How to Start an Herb Garden (for Dummies)
A simple tutorial on how to start an herb garden. Quick, easy steps for novice gardeners!
I’m a fly-by-the-seat-of-your-pants kind of cook.
Instead of following a logical process — finding a recipe, going to the grocery store and buying the ingredients for the recipe, then making said recipe — I tend to start at the grocery store, pick an ingredient that looks enticing, then try to figure out a use for it later. Conversely, I’ll find a recipe I want to try, forage the fridge for compatible ingredients, and end up making it despite lacking key components.
Both scenarios are a recipe for food waste — particularly for herbs, which tend to go bad quickly.
As a healthy cook, herbs play a major role in creating flavor and complexity without adding extra salt, fat, or other unsavory ingredients. So, I like to have a few on hand at all times.
But purchasing fresh herbs every week can add up, and when you inevitably forget about them and find them wilting in the back of the refrigerator, it’s pretty frustrating.
Which is why I’ve been itching to start an herb garden.
Having fresh, ready-to-go herbs is a great way for off the cuff cooks like myself to maximize usage and prevent waste.
I’d been a little nervous to try my hand at gardening though, given numerous failed attempts at plant parenting.
After a couple of hours at Home Depot and a few Google searches though, I managed to figure it out this weekend and throw together a pretty legit little herb garden in the span of an afternoon.
It turns out the process is pretty easy and doesn’t require too much time or money.
All you need is a sunny spot to store your bounty. I chose the walkway that connects our house and carpark.
If you’re looking to up your herb game and eventually save some cash, I highly recommend starting an herb garden.
Here’s how to do it…
1. Buy your supplies: pots/boxes, potting mix, starter plants, tarp (optional).
You’re going to need a small planter box or several small pots/boxes with holes in the bottom for drainage. I chose vintage looking crates which were big enough to fit a couple of plants each.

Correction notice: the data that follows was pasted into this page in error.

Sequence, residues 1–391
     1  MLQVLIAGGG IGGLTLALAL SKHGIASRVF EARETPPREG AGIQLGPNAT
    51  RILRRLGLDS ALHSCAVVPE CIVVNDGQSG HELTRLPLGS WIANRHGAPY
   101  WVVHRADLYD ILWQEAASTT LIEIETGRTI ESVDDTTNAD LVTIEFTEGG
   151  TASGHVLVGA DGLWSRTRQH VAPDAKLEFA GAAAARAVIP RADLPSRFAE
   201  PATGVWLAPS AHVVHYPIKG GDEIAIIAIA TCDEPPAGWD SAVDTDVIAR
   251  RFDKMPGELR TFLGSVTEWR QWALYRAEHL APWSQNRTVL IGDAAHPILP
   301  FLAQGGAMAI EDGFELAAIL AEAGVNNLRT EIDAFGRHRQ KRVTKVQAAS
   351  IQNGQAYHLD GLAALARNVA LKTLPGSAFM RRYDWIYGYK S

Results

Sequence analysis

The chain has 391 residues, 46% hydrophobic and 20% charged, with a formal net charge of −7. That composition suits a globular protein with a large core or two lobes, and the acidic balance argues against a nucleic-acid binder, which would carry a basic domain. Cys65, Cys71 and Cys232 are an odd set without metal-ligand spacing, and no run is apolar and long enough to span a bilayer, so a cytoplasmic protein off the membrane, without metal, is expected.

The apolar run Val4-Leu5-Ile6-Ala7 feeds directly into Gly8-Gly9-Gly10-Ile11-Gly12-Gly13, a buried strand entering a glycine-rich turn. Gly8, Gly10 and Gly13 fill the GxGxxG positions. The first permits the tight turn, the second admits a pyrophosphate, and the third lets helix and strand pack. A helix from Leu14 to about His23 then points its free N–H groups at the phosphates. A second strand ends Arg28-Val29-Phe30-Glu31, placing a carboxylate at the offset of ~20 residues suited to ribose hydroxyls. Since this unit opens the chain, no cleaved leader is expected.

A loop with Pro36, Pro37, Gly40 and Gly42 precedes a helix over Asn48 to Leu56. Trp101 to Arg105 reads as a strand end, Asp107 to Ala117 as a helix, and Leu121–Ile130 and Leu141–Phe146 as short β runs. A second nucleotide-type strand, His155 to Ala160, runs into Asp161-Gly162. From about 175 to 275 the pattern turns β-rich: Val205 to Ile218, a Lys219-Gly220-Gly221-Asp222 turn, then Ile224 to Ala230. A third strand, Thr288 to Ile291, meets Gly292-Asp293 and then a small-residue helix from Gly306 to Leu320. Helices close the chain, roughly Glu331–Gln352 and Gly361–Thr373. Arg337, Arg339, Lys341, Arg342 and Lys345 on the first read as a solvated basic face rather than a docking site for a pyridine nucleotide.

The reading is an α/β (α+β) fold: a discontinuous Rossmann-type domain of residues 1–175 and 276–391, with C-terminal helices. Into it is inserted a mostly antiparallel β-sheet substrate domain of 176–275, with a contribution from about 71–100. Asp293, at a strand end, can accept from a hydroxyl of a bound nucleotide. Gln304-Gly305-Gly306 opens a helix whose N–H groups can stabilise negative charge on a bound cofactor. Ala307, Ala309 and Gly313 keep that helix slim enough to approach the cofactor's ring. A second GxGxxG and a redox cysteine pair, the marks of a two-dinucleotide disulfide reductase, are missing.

Some herbs, like mint, should be kept in their own pot as they grow rapidly and can snuff out surrounding plants. Other plants can share a box/pot, as long as you give them room to grow (about 8-12″ apart). Rosemary and sage are both drier plants, so they make good box mates. On the other hand, basil and oregano both use a lot of water, so they pair well together too.
Next you need potting mix. This is different from soil in that it is specifically used for pots. It has nutrients to help your little herbs grow and is formulated to help with drainage. If you’re looking to make an organic herb garden, make sure to buy organic potting mix.
If you’re using wooden crates like I did, you’ll want to line them with plastic to help prevent the wood from rotting. I just used heavy duty trash bags.
Lastly, if you’re a novice gardener like I am, choose “starter plants” versus seeds. They’re past their fragile sprouting stage and already producing usable leaves, so you’ll be much less likely to commit plant-acide.
2. Assemble your garden.
If you’re using unsealed wood/crates, line them with the plastic/trash bags, cut them to fit the box, and poke several large holes in the bottom for drainage.
Add the potting mix, filling your box/pot up about half way.
Remove your starter plants from their plastic wrap or pots and place them in the mix. Add more potting mix until you’ve buried the roots. Pack the soil loosely around the plant.
3. Feed your new friends.
Make sure to place your herbs in an area that gets at least six hours of sunlight a day.
Water them regularly – possibly every day in the summer. You’ll know when they need water when the soil is dry an inch below the surface. Water until you see liquid leaking out the bottom of the pot/box.
The potting mix should have enough nutrients to keep your plants healthy for about three months. After that, you should regularly supply them with fresh fuel by way of compost (I’ve heard coffee grounds and egg shells will do the trick) or special plant food/fertilizer. Again, if you want to go organic, look for organic formula.
4. Keep em looking fresh.
Much like your own mane, keeping your herbs nicely trimmed will help them grow better. Once a basil shoot has three sets of leaves, it’s ready for its first haircut. Snip the main stem just above a set of leaves.
A good rule of thumb for the other herbs is to never trim more than a third of the plant.
5. Enjoy your herbs!
Celebrate your successful harvest by making some tasty recipes with your fresh herbs.
May I suggest:
- Using your mint for a Raspberry Blackberry Spritzito.
- Tossing that sweet basil into this Sun-Dried Tomato + Tuna Pasta Salad
- Using your lemon thyme to make a scrumptious tahini dressing for this Savory Buckwheat Breakfast Bowl
If you’re not able to immediately use your herbs, you should still trim the plant, then save the herbs for later. You can do this by freezing the herbs with water in ice cube trays or by pressing them between two paper towels and leaving them in a cool, dry place to dry out.
And that’s it.
My next garden goal — tomatoes. I can taste the gazpacho now…